Our Catechism states "Life and physical health are precious gifts from God. We must take reasonable care of them, taking into account the needs of others and the common good." (No. 2288)
Donna Barton, RN
Susan Welch, RN
Our Lady of the Lake Parish Health Ministry
A ministry that promotes the spiritual, physical and emotional health of the members of our parish. Our main purpose is to provide the guidance, education and support needed to ensure that the members of our church and community grow into and maintain a state of health and well being with a firm connection to God, self, community and environment.
“He heals the brokenhearted, and binds up their wound.”
About the OLL Parish Health Ministry
The OLL Parish Health Ministry is coordinated by Donna Barton, RN, BSN and Susan Welch, RN, BSN. Both have active licenses in Oregon. They have completed the Foundations for Faith Community Nurse training program to promote and practice Health Ministry. Under their nursing licenses they are bound to adhere to the American Nurses Association Scope and Standards of Practice in the sub-specialty of Faith Community Nursing. The Ministry focuses on healing and whole person care of body, mind, and soul.
Walk With Ease Class – 18 sessions Stretch and Walking Class certified by the Arthritis Foundation for those with arthritis and others who have lost confidence in walking. This class will give you confidence to walk safely and comfortably, motivate you to get into great shape, improve your flexibility, strength, and stamina, reduce your pain, and make you feel better.
Monthly Health Note – Look in the Church bulletin for the monthly health note dedicated to keeping you informed of health issues and preventative measures to maintain good health.
Health Presentations – Talks given by expert guest speakers dealing with many health issues including chronic conditions and prevention of disease in order to promote healthy life styles.
Bereavement Faith Sharing Support Group – For those in need of consolation after losing a loved one. Meets 2 hours a week for six-week sessions for prayer, scripture, sharing, and fellowship.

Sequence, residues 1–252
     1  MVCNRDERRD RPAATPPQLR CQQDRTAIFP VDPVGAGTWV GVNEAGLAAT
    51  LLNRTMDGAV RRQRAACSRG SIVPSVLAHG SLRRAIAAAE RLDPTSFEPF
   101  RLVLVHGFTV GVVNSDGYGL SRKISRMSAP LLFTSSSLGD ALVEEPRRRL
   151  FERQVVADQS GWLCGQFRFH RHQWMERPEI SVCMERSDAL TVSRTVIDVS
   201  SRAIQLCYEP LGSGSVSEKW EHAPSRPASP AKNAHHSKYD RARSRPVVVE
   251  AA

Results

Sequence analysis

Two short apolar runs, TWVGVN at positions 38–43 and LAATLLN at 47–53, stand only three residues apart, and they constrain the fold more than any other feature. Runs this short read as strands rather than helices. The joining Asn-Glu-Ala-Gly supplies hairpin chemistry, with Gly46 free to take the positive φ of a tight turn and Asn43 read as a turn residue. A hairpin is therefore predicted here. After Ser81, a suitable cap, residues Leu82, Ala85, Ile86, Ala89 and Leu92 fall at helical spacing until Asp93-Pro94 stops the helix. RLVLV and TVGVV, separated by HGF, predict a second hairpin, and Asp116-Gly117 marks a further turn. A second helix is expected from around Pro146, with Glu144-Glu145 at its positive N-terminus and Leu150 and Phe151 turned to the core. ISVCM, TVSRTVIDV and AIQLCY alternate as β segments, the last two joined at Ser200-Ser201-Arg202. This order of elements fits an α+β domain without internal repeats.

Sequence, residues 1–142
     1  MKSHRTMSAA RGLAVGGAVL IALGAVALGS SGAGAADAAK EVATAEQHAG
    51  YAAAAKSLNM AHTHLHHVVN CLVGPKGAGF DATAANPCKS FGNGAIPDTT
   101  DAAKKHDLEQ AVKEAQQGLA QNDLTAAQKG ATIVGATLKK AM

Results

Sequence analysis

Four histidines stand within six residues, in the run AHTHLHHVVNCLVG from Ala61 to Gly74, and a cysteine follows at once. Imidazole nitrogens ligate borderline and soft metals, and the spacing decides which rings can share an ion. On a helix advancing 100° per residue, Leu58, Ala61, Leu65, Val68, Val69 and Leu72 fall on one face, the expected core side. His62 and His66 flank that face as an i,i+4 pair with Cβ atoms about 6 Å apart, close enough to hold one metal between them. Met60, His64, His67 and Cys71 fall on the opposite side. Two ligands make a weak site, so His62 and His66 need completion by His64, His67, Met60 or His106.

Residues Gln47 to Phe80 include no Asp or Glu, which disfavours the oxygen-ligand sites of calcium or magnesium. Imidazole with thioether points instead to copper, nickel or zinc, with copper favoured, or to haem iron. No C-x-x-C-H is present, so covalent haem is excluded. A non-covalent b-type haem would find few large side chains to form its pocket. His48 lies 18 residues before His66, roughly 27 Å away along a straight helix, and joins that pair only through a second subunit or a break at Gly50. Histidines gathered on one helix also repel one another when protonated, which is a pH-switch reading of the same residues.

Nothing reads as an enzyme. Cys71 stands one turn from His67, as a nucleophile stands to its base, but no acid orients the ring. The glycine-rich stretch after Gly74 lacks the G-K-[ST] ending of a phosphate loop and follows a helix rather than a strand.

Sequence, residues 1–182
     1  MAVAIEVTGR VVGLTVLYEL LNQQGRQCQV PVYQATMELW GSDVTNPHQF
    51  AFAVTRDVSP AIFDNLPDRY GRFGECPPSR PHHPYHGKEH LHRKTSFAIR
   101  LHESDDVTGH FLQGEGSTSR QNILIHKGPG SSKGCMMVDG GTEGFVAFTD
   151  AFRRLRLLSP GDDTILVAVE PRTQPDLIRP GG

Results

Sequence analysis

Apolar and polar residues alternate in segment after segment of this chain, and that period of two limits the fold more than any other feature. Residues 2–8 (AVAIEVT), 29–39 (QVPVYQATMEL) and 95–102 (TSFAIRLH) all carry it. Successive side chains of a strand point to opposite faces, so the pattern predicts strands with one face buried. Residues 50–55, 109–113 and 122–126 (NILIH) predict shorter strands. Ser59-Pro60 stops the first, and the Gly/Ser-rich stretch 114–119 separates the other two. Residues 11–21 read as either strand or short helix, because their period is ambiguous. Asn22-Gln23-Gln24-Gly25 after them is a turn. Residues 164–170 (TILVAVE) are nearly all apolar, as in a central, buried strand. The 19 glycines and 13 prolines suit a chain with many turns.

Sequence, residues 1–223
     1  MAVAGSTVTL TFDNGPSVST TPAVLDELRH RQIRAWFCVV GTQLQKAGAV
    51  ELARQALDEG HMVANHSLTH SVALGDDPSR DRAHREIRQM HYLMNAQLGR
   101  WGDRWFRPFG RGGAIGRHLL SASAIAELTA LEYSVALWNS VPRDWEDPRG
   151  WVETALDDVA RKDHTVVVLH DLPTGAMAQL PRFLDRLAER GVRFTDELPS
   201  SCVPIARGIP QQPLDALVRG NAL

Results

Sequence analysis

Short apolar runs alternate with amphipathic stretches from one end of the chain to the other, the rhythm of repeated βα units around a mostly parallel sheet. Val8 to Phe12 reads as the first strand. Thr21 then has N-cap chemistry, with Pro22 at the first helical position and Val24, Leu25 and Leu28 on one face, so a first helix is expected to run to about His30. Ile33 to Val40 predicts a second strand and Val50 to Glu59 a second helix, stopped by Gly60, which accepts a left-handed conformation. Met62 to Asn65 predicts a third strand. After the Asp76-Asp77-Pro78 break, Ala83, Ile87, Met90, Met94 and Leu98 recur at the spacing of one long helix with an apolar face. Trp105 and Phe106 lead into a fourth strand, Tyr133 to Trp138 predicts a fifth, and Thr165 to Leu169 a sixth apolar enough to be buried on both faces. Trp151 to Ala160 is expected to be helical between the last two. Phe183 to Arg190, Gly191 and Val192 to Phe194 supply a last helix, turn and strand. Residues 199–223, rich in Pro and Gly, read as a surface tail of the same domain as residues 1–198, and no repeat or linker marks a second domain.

Women’s Co-Dependent Anonymous Support Group (CoDA) – A 12 Step Program that helps those who do too much, care too much, feel too little, overly engage, or take on others’ responsibilities when they are not required to.
Blood Pressure Screening Clinic – After all masses every 2nd weekend of the month.
Respite Companion Program – Volunteers that make home visits to provide companionship for those who are homebound or those who need company and security while their caregiver is away.
Flu Shot Clinic – Every fall on the OLL Campus
ARC Blood Drive – Every August and the day after Christmas.
To contact the parish nurse for referrals to health agencies, organizations or services, please call the parish office at 503-636-7687 and ask for the Health Ministry. Or you can reach us at firstname.lastname@example.org.
Regularly Scheduled Programs
Scheduled Calendar of Events 2015
Second Weekend of the MonthBlood Pressure screening clinic after the Sat., 5pm and Sunday, 7:30, 9 and 11 am Masses in the bride's room.
Wednesday EveningsWomen's CoDependent Support Group 6:30pm Parish Hall.
CoDA - Contact Jackie, 360-772-3459
Wednesday AfternoonsBereavement Support Group meets every Wednesday 2:30 - 4:30 pm in the parish library. Contact Lili Grace at 503-974-9876.
Thursday afternoonsLiving Well with Chronic Conditions Workshop: Every Thursday, Jan 22 - Feb 26, 1:00 - 3:30 pm in the Parish Center Jerusalem Room.
|UPCOMING EVENTS AT OHSU|
Beaverton: If Heart Disease is in Your Genes, Are You Out of Luck?
February 24, 6:30 p.m.
What is Shoulder Instability?
March 4, 7 p.m.
The Curse of the Brain: How to Repair or Prevent Damage from Hypertension and Dementia
March 6, 7 p.m.
Colorectal Cancer Screening: Prevent or Detect It Early
March 10, 7 p.m.
March 12, 6 – 7:30 p.m.
Iron up your blood